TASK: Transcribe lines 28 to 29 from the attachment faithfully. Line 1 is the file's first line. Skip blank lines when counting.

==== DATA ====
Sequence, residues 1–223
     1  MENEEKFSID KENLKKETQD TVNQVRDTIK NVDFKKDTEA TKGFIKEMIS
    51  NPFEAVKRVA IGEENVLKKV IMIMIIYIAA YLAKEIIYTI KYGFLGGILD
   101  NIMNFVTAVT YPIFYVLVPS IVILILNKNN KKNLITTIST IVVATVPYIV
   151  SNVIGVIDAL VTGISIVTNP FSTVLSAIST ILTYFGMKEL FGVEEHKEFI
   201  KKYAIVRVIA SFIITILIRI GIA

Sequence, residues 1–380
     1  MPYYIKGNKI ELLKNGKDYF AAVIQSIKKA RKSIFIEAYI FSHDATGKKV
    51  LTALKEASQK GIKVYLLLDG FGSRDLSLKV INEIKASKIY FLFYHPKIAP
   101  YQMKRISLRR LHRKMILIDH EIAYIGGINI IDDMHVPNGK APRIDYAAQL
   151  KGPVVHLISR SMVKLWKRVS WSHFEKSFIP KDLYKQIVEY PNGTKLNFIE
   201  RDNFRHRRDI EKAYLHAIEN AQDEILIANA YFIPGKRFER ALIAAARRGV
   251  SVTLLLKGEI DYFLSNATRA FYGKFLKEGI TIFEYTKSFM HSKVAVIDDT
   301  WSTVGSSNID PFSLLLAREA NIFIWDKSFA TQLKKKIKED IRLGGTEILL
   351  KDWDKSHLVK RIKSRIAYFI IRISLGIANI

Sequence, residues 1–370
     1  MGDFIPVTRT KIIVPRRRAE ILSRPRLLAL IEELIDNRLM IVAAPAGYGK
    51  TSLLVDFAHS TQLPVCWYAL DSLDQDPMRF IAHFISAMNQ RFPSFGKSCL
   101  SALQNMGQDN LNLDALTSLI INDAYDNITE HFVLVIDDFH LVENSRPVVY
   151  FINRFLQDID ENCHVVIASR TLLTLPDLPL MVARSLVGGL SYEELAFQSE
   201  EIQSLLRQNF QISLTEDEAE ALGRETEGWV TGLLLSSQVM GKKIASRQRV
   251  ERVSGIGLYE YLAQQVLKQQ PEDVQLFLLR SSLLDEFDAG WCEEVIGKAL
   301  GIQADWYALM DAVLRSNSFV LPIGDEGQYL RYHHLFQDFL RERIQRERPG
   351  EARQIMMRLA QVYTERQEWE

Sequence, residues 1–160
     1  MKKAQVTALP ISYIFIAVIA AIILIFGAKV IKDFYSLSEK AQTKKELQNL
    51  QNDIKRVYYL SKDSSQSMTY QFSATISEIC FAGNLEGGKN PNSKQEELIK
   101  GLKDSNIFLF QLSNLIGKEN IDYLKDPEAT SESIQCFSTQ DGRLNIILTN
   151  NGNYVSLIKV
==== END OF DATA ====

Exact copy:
   101  GLKDSNIFLF QLSNLIGKEN IDYLKDPEAT SESIQCFSTQ DGRLNIILTN
   151  NGNYVSLIKV